Sunday, January 27, 2008
People are looking down at Tamir Goodman. The fans seated in the court-level seats of Reading, Pennsylvania’s Sovereign Center are confused by the once-heralded “Jewish Jordan’s” appearance. Even a tiny redheaded preschooler has a hard giggle when his dad points out Goodman’s odd attire. However, no one is staring at the yarmulke on his head; rather, they are dumbfounded to see that he is wearing two different shoes.
“It’s not any superstition or cool style,” says the 25-year-old Goodman, now a married father of two and a seasoned professional. “I have a bruise on my foot, and it’s for comfort until it gets better.”
There is very little about Goodman that is “typical.” The former Baltimore prep star earned notice as the first major Orthodox Jewish basketball player on the modern American high school hoops scene. He says the attention around his game began after the 10th grade. After attending the Eastern Invitational Basketball camp, he earned a reputation as a player to watch on the high school camp circuit. At Eastern Invitational, Goodman was asked to play in the All-Star Game, but it was to be held on Saturday, a day when Orthodox Jews observe Sabbath, or “a day of rest or inactivity.” While his religious beliefs kept him out of that game, Goodman wasn’t discouraged and carried on with his hoop dreams.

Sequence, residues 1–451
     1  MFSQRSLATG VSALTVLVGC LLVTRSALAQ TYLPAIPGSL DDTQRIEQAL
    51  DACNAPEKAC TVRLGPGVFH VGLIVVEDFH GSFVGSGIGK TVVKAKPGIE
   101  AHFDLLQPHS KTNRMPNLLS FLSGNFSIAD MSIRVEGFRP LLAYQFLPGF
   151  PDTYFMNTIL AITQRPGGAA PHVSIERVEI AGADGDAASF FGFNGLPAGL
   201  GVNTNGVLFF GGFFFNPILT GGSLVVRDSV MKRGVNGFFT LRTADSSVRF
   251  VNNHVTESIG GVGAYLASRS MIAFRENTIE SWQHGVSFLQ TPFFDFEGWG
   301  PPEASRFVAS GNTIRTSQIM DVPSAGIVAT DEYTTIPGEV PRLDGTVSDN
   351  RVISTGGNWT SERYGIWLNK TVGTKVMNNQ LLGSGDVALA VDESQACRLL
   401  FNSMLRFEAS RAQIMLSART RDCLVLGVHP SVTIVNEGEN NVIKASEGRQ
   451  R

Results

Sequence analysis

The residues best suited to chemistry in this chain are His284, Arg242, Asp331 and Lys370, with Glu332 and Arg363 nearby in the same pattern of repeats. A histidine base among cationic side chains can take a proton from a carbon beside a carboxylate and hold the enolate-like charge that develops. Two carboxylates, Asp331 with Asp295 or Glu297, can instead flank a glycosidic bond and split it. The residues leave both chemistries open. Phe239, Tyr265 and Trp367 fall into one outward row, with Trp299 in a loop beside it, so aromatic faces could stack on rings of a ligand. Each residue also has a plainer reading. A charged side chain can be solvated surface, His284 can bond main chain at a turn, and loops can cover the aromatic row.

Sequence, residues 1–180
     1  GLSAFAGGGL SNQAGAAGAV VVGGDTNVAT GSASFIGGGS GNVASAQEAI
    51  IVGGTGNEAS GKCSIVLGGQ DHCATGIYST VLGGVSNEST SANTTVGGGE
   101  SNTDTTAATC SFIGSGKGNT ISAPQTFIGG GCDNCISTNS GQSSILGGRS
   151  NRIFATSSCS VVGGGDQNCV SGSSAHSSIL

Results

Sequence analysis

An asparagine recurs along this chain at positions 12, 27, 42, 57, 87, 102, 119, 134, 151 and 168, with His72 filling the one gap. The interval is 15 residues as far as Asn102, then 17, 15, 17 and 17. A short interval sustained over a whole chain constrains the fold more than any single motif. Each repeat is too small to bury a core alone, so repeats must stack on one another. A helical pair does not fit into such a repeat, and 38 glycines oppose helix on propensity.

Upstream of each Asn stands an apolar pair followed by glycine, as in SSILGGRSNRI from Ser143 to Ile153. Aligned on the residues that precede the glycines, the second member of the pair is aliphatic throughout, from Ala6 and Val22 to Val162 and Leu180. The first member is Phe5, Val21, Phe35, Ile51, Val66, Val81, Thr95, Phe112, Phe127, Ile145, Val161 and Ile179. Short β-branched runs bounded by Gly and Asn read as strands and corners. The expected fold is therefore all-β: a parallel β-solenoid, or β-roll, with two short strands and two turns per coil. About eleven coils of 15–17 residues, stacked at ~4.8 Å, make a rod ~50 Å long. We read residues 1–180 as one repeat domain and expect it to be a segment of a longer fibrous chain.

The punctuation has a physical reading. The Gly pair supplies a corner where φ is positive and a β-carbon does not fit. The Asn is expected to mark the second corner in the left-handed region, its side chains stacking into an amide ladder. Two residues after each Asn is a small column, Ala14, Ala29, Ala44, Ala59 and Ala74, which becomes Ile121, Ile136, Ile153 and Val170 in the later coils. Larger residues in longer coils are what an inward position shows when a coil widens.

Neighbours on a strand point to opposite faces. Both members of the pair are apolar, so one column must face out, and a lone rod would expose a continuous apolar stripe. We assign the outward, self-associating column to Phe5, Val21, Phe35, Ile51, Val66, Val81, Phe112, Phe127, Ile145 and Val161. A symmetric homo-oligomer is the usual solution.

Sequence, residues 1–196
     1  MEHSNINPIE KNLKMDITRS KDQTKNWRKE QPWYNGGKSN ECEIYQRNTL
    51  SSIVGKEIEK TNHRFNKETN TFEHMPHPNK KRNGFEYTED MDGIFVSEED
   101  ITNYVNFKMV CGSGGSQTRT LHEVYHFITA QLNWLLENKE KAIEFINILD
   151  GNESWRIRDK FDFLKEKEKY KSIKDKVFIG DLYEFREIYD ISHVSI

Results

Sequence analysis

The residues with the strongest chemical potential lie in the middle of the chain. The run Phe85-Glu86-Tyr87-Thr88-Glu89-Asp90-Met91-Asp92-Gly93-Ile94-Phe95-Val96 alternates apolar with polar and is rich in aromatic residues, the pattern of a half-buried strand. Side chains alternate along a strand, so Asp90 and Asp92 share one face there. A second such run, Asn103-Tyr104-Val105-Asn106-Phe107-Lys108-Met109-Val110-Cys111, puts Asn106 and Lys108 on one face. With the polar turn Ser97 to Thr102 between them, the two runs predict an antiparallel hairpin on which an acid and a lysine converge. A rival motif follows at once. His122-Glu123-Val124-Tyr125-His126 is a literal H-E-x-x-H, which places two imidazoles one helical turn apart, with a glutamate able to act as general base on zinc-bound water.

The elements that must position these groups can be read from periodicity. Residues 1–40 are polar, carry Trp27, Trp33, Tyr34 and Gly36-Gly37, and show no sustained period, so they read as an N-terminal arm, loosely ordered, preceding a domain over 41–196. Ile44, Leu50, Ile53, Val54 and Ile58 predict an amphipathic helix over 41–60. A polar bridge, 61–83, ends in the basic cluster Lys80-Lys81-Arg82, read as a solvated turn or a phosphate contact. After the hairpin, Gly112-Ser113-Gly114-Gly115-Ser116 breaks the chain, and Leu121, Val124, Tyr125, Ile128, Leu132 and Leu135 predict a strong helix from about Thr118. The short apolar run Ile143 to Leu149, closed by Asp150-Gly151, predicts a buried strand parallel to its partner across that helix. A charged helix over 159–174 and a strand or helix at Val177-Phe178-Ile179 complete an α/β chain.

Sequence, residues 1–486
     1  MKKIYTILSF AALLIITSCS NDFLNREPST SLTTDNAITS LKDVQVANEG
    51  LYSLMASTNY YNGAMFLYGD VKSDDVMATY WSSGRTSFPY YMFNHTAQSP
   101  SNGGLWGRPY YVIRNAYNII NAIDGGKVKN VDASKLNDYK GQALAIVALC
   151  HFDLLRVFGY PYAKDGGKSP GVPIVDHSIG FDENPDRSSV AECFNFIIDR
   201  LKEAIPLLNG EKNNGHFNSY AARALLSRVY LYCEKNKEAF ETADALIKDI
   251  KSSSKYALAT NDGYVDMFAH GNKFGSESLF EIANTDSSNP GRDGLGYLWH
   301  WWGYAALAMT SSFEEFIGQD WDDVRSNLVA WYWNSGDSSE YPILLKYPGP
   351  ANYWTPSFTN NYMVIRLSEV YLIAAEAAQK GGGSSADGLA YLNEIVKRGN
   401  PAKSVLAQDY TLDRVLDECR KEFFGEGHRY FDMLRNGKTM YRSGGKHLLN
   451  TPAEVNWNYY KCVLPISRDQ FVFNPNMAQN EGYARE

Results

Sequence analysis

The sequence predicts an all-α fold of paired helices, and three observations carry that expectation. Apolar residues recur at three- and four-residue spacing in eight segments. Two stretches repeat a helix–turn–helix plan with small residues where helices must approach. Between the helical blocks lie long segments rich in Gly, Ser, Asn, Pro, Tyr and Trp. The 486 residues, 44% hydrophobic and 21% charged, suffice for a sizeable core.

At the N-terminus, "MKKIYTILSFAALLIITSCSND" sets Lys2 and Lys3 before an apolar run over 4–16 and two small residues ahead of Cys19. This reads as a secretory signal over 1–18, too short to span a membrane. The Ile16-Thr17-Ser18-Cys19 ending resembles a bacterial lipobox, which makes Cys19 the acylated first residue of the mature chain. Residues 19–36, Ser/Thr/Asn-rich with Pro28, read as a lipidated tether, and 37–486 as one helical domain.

However, Goodman never played a game at Maryland. While it isn’t crystal clear how the commitment, which seemed like a lock, was broken, speculation has it that Maryland found it impossible to rearrange their schedule to free Goodman of having to play on the Sabbath. Although he didn’t make it to the A.C.C. and never got the chance to be a Terrapin, Goodman says he was never bitter about the outcome.
“I have absolutely nothing against Maryland; I still root for them like crazy, especially Coach Williams,” said Goodman, who plays in a Jewish garment under his jersey known as tzitzit. Essentially, strings hang from a shirt that, when knotted, symbolize the 613 commandments of the Torah. Jewish people wear tzitzis as a reminder to obey the commandments and have been since the time of Moses. “It really had nothing to do with them. It was from above, and the whole situation just made me a better and stronger person and a better player. I could never say anything bad about the University of Maryland, because they do so much good in the community I grew up in.”
You say a kiddush Hashem and I agree. But I remember a few years ago and the rav in our shul made a speech against this kid. He thought it was terrible that anyone looked up to him. I think the rav was wrong on this, way too frum.Post a Comment